@Adi Oturkar southern and western regions of the state of MA are most definitely real estate goldmines — especially areas that are going through some kind of redevelopment.
In MA, if the property isn't deleaded when you buy it, you are responsible for the past tenants that may have been lead poisoned while living there unless you delead within 90 days of closing. This is even if you don't have a child living there, you are responsible for the past tenants. The state is trying to get every rental property in MA lead safe, and they figured this was the best way to do it.
You can use this in your negotiations on any new properties you look at. If it doesn't have a lead certificate on file, it IS going to cost you to delead, the state has pretty much made it mandatory at this point, at least if you want to avoid the liability of a lead paint lawsuit from a past tenant. Don't let that scare you though, I've had clients negotiate $20k off the selling price, and I only charged them $10k for the deleading, so it can actually work in your favor for it not to have been done yet.
You also cannot rent to someone with a child under 6 unless you have a lead certificate on file with the state. If you rent to a couple with no kids and they have a baby, you are then required to delead the unit with the added expense of putting the tenants up in a hotel during the process.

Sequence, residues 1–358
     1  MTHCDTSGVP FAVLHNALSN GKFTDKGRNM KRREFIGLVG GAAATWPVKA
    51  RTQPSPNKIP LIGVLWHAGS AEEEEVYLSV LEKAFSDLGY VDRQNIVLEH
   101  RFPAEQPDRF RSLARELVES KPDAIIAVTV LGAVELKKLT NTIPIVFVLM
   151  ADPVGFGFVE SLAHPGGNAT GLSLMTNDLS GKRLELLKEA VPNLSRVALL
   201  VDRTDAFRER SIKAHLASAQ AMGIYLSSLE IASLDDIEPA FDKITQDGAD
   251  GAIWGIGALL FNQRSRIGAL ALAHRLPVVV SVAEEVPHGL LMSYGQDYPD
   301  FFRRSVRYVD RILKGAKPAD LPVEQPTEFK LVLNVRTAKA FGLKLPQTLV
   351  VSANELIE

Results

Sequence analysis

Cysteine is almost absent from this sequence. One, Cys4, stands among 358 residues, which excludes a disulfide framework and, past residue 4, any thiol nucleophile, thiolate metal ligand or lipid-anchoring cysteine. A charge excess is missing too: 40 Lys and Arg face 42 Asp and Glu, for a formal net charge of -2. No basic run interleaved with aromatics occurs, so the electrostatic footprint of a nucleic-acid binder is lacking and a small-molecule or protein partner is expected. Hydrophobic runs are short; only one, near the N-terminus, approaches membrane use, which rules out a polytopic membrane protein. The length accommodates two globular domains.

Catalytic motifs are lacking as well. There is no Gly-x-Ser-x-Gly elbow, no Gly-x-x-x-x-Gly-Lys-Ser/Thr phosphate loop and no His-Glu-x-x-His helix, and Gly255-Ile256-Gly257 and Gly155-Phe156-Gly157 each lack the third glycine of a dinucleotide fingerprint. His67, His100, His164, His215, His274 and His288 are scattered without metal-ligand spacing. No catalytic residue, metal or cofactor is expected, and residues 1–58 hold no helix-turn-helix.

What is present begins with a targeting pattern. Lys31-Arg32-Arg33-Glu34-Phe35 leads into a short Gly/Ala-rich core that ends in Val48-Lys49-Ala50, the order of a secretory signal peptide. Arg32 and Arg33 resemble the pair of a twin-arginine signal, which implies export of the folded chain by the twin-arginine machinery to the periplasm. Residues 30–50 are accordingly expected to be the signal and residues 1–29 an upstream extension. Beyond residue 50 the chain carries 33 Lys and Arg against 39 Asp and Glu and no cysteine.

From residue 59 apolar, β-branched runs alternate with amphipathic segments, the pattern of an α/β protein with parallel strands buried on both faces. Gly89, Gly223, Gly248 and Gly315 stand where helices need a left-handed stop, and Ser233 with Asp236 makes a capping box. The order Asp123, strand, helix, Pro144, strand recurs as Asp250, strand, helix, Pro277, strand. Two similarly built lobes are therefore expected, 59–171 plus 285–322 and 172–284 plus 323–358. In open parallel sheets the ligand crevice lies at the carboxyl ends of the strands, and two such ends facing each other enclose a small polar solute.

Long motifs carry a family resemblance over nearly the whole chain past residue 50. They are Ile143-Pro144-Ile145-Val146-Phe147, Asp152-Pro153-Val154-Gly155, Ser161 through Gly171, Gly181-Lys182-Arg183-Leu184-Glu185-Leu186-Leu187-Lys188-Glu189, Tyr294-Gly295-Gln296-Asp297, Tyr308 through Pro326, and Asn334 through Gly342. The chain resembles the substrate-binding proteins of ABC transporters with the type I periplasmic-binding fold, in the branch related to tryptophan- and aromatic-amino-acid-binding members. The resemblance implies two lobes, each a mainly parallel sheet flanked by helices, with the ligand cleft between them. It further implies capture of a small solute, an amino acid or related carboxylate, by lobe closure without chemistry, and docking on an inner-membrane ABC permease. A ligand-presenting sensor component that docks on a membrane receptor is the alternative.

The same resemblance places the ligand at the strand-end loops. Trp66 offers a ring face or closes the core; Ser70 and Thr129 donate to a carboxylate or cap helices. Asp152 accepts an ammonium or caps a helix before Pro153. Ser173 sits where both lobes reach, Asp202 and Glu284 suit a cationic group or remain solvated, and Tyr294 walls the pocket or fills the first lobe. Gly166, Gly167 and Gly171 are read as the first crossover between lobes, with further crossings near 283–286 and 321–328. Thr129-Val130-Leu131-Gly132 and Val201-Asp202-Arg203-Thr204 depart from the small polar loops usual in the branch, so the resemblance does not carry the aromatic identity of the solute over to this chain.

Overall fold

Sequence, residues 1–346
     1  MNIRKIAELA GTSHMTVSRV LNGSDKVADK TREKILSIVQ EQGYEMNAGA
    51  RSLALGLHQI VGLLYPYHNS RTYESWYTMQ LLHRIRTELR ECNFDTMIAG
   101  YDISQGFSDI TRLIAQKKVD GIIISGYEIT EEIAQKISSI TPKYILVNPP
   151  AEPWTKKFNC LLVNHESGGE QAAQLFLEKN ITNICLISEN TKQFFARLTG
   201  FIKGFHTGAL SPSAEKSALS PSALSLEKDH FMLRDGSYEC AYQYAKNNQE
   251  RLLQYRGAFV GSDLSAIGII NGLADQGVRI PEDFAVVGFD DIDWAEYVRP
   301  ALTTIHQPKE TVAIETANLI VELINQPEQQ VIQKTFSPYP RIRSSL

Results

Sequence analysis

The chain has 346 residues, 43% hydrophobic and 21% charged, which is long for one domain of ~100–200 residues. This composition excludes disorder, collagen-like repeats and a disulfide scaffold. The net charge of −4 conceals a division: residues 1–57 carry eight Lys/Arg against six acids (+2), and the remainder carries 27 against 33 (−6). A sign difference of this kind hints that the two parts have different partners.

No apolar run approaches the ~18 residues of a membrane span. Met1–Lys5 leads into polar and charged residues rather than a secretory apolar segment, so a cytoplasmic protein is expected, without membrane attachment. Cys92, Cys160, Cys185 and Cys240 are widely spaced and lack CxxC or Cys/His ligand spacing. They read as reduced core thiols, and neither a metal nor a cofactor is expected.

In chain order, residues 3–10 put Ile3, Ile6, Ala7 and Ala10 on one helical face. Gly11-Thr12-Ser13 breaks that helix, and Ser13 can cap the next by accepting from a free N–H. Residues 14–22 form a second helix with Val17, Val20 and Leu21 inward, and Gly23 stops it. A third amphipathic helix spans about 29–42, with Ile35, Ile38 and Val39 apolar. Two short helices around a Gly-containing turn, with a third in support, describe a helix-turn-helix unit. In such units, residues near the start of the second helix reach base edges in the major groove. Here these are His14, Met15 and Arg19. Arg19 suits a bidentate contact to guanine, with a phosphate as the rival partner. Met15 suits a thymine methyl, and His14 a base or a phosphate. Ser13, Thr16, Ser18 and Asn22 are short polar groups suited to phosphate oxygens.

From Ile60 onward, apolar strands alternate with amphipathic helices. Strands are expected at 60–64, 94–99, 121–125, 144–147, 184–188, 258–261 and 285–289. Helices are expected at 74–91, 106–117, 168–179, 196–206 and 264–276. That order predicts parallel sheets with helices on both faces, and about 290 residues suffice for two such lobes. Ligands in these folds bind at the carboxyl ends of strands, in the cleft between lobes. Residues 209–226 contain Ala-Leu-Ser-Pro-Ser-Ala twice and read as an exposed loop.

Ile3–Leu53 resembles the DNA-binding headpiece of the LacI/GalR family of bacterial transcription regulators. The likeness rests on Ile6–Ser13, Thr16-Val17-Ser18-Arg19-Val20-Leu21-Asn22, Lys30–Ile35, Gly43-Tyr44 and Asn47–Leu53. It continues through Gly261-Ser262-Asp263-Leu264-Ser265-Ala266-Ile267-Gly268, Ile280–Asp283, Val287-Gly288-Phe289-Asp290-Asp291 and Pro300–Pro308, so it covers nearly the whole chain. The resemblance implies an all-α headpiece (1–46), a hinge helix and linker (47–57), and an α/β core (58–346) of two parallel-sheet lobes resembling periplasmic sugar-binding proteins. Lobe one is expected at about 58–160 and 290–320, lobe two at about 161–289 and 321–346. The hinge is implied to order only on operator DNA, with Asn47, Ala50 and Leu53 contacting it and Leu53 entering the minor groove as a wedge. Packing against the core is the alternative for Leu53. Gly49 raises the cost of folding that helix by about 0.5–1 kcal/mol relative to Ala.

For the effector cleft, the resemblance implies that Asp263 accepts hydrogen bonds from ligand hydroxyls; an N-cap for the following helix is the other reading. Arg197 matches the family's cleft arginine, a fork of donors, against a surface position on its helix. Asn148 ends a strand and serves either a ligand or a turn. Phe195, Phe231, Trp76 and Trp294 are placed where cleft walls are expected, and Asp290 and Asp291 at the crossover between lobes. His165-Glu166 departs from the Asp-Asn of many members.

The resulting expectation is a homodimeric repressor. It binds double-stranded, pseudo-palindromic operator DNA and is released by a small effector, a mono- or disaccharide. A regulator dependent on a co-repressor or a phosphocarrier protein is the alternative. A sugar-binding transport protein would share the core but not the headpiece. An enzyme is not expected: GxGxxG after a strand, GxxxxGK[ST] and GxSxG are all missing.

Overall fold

If a unit is a 2 or 3 bedroom, chances are you'll end up having a family apply. You cannot deny the family because of the lead paint either, that's considered discrimination (you're refusing them because they have a kid) and is against the anti-discrimination laws of the state. If there are kids under 6, you NEED to have the unit deleaded and have a lead certificate on file.
If the unit has been inspected, but not deleaded, you also cannot do any construction or remodeling in the unit, they consider that unauthorized deleading and it will prevent you from ever getting a lead cert. The best you would be able to get is a Letter of Environmental Protection, which tells everyone you did illegal work then hired a licensed deleader in to fix it. It generally increases your insurance rate and decreases your tenant pool (who wants to rent from a shady landlord that does illegal work?).
If you delead the property it will actually increase your tenant pool and the rent you'll be able to charge them. A deleaded unit is more valuable to a tenant then a non-deleaded unit, even if they don't have kids under 6, they still like to know they are safe from lead paint issues. Anyone can get high blood lead levels, the law only specifies under 6 because it affects the developing brain more severely then a it affects a fully developed brain.
If you want to message me the address, I can check the database and see if there was ever an inspection done on the property for you. I'll be able to tell if there's a lead cert on file already too. Maybe you'll get lucky and it's already been done.
Good Luck on your investment!